Benjamin Franklin Papers

To Benjamin Franklin from Sarah Bache, 14 September 1779

From Sarah Bache

ALS and AL (draft): American Philosophical Society

Philadelphia Septr. 14. 1779

Dear & Honoured Sir

Every body seems to be sorry that Mr Gerard is going to leave Philada. but particularly this Family whose esteem he has entirely gain’d, he is kind enough to take charge of a Box of Squirril skins for Temple1 in which is a parcel of news papers for you, and a peice of homespun Silk which I have long wish’d to send you for the Queen whose character I admire, and spoke to M Gerard last winter about it, but never had an opportunity that I chose to trust it by, I could not presume to ask her acceptance of it from myself, but from you it may be agreable, it will shew what can be sent from America to the Looms of France— We are well satisfied with your sending Benjamin to Geneva knowing well that you would do every thing by him for the best, but I cannot help feeling very sensibly when I consider the distance he is removed from you, I wish with all my heart that his Brother Will was with you, but much more so that you were with us—

I am indeed much obliged to you for your very kind present it never could have come at a more seasonable time, and particularly so as they are all necessary,2 and the Bills Mr Bache sent to Mr Williams with a list has never been heard of,3 the Ministers Secretary4 Cousin Williams writes has taken charge of them from Boston, and he is now expected every hour, but how could my dear Papa give me so severe a reprimand for wishing for a little finery, he would not I am sure if he knew how much I have felt it, last Winter was a Season of Triumph to the Wigs and they spent it gaily, you would not have had me I am sure, stay away from the Ambassadors, or the Generals entertainments, nor when I was invited to Spend the day with General Washington and his Lady,5 and you would have been the last person I am sure to have wished to see me dress’d with singularity, tho I never loved dress so much as to wish to be particularly fine yet I never will go out when I cannot apear so as to do credit to my Family and Husband, the Assembly we went to as Mr B: was particularly chose to regulate them, the subcribtion was 15 pound, but to a Subcribtion Ball of which there was numbers, we never went to one tho always ask’d, I can asure my dear Papa that industry in this house is by no Means lay’d aside, but as to spinning linnen cannot think of that till I have got that wove which we spun three years ago, Mr Dufeild6 has bribed a Weaver that lives on his Farm to weave me eighteen yards, by making him three or four shutles for nothing and keeping it a secret from the Country people who will not suffer them to weave for those in town, this is the third weavers it has been at, and many fair promises I have had about it, tis now done and whitening, but forty yards of the best remains at Ledietz yet, that I was to have had home a twelvemonth last month, Mrs Keply who is gone to Lancaster is to try to get it done there for me,7 but not a thread will they weave but for hard money, my Maid is now spinning Wool for winter stockins for the whole Family, which will be no dificulty in the Manufactering as I knit them myself, I only mention these things that you may see the Ball is not the only reason that the wheel is lay’d aside, I did not mention the Feathers and pins as necessarys of life, as my Papa seems to think, I meant that as common necessarys were so dear, I could not aford to get any thing that was not, and beg’d he would send me a few of the others, nor should I have had such wishes, but being in constant hope that things would soon return to their former channel, I kept up my spirrits and wished to mix with the world, but that hope with me is now intirely over, and this winter aproaches with so many horrors that I shall not want any thing to go abroad in, if I can be comfortable at home, my spirrits which I have kept up during my being drove about from place to place, much better than most peoples I mett with, has been lowered by nothing but the depreciation of the money which has been amaizing lately, so that home will be the place for me this winter, as I cannot get a common winter cloak and hat but just decent under two hundred pounds, as to gauze now its fifty dollars a yard tis beyond my wish and I should think it not only a shame but a sin to buy it, if I had Millions.8 I should be contented with muslin Caps if I could procure them in the winter, in the Summer I went without, and as to cambrick I have none to make lace of, it is indeed as you say that money is too cheap for there is so many people that are not used to have it, nor know the proper use of it, that get so much that they care not wether they give one dollar or a hundred for any thing they want, but to those whose every dollar is the same as a silver one, which is our case, it is particularly hard, for Mr B: could not bear to do business in the manner it has been done in this place, which has been almost all by Monopolizing and forestalling, however if he gets business from France all may yet be well again— Aunt Mecom was very well lately, I had a letter from her, my little Girl has just return’d from Mr Dufeilds, she has gone through the Summer charmingly and got all her teeth,9 I think myself very lucky to have had such a Friend, it has been very unhealthy this Summer in town, and the houses for many miles round so much distroy’d that there was no getting a place to take the Children to; all Mr D: family were fond of Betsy and very good to her, she loves them quite as well as she does us, I wish with all my heart you could see her and hear her talk, I think she is the favorite of her Papa, indeed she is one of the best behaved little things I ever saw, and quite as grave as Benjamin—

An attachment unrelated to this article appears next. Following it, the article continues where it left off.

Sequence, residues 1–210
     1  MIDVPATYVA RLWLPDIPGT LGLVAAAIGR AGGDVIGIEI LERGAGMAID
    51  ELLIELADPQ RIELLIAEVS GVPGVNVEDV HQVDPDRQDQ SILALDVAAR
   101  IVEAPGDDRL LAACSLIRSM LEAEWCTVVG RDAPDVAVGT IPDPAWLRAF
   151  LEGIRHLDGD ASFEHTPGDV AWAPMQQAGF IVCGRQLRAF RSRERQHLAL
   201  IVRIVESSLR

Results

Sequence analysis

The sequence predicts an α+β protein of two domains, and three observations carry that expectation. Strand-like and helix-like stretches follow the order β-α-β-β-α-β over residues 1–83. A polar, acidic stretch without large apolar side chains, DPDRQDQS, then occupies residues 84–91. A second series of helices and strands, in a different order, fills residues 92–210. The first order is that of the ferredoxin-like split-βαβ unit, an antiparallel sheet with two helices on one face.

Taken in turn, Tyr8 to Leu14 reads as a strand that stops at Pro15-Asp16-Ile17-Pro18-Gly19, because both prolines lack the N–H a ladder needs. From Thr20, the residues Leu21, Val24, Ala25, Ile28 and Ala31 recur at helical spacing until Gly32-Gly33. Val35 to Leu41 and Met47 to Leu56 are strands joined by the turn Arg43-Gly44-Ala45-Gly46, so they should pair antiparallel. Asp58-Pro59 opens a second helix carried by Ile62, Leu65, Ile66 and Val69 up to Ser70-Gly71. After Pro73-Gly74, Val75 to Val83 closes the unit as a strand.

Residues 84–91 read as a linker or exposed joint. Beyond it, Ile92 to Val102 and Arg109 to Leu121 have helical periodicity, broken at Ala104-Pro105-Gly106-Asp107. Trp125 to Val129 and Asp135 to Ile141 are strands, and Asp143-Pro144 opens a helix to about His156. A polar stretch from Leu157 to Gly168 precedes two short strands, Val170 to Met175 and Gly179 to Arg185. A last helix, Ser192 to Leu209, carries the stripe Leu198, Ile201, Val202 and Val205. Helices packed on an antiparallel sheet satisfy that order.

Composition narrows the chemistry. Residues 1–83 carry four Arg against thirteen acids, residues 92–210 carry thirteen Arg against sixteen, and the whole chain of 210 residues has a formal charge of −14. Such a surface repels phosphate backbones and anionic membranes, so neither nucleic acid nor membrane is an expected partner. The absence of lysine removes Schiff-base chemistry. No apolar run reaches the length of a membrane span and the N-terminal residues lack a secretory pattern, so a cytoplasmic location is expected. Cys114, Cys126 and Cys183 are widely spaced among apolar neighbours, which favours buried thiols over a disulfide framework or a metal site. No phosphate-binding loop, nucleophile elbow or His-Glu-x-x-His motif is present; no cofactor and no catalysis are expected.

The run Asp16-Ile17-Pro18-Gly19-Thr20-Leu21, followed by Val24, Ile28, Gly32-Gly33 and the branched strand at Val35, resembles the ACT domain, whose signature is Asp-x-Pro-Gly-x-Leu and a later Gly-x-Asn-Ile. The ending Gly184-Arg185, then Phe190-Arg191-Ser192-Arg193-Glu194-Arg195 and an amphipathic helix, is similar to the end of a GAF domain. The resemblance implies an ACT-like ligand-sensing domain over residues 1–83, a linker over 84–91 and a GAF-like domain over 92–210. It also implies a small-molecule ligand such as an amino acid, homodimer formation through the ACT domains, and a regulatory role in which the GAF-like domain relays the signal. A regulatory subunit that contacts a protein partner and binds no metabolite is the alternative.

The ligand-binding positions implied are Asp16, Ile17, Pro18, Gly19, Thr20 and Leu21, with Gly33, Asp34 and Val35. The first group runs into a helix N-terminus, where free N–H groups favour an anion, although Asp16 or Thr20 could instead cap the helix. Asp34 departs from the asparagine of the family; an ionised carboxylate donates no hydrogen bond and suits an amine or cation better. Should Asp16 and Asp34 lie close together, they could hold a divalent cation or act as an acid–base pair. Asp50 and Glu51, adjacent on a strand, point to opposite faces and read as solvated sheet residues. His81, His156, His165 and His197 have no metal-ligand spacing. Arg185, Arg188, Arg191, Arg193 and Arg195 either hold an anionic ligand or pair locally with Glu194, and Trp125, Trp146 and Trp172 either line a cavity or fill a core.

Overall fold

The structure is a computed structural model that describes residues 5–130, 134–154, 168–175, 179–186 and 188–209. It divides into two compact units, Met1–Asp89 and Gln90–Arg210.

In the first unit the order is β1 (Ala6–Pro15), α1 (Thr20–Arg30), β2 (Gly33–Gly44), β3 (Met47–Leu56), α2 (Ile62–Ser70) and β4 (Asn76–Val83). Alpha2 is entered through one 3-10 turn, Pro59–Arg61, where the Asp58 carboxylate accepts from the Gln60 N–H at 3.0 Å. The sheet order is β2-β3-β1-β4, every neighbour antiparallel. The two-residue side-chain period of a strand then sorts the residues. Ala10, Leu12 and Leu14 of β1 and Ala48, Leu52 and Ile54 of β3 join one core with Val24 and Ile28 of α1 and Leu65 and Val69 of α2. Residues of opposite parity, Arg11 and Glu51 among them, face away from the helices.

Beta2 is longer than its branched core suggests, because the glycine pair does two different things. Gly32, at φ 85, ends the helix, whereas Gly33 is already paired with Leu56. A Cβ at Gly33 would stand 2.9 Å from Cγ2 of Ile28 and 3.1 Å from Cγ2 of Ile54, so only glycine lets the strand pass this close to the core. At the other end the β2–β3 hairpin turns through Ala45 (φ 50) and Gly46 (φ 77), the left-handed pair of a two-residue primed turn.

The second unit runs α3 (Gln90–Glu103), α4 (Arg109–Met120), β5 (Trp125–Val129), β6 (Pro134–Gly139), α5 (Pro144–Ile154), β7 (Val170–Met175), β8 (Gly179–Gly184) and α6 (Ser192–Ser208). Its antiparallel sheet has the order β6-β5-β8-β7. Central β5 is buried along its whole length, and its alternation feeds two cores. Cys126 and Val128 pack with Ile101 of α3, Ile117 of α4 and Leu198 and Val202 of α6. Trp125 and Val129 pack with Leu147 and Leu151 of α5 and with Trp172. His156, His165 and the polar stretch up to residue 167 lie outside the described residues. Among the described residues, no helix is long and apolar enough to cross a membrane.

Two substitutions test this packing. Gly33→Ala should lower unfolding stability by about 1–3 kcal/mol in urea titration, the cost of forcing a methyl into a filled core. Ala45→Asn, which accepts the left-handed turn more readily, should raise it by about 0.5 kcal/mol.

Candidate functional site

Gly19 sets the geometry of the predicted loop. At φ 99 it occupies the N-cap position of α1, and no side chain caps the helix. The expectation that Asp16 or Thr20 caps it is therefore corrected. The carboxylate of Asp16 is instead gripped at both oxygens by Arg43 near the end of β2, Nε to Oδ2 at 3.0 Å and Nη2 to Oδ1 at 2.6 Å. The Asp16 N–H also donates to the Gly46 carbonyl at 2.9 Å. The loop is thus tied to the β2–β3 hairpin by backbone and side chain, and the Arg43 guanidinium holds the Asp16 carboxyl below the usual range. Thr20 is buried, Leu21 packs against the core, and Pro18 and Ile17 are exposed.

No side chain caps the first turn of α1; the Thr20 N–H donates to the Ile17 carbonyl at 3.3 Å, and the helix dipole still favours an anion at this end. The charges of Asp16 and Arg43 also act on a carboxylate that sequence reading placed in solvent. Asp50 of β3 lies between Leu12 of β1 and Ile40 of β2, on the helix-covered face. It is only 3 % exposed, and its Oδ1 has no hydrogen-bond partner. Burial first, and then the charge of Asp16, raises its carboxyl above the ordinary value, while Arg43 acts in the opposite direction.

The first time I see General Washington I shall deliver your message to him,1 he talk’d to me several times about you last Winter— There has so many people desired me to remember them to you that I know not were to begin, but Mr Dufeild’s Family and the Miss Cliftons2 I must not forget as they were among those who desir’d to be particularly rememberd to you— I am my dear Papa with the greatest afection your Dutifull Daughter

S Bache

Addressed: Dr. Franklin

[Note numbering follows the Franklin Papers source.]

1She discusses the skins further in her Sept. 16 letter to WTF, below.

2BF had enclosed some “useful and necessary” articles with his June 3 letter to her: XXIX, 615.

3See RB to BF, Aug. 9.

4François Barbé de Marbois. “Cousin Williams” is Jonathan Williams, Sr.

5For her prior contacts with Washington see XXVIII, 391.

6Edward Duffield (VII, 211n).

7Most probably Catharine Gross Keppele, daughter-in-law of the Baches’ neighbor Henry Keppele, who was from Lancaster: XII, 318n.

8For the sharp decline in the value of the Continental currency in 1779 see Charles W. Calomiris, “Institutional Failure, Monetary Scarcity, and the Depreciation of the Continental,” The Jour. of Economic Hist., XLVII (1988), 57–9.

9Sally had been worried about her two-year-old daughter Elizabeth’s teething for over a year: XXVIII, 32.

1That old generals in France studied his operations and highly approved his conduct: XXIX, 615.

2XXIX, 612.